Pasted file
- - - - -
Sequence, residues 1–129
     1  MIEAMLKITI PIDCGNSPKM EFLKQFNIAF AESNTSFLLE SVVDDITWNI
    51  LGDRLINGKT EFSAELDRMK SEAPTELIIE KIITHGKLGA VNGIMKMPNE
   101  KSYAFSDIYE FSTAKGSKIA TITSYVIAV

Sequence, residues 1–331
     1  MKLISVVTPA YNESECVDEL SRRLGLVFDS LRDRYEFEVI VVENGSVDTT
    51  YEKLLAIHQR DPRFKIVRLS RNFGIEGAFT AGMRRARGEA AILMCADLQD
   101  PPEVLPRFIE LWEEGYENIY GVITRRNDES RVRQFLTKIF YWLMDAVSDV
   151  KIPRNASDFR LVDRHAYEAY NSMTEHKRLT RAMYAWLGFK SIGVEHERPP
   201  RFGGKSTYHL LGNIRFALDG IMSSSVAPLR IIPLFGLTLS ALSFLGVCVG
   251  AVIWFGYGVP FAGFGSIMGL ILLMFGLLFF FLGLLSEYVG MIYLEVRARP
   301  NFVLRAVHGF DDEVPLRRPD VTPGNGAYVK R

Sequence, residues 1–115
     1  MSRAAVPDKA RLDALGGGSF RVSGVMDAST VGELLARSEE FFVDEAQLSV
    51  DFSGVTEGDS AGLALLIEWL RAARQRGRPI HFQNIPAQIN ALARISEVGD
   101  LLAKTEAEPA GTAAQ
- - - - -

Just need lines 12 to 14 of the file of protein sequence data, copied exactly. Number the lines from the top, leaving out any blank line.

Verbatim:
   301  NFVLRAVHGF DDEVPLRRPD VTPGNGAYVK R

Sequence, residues 1–115
     1  MSRAAVPDKA RLDALGGGSF RVSGVMDAST VGELLARSEE FFVDEAQLSV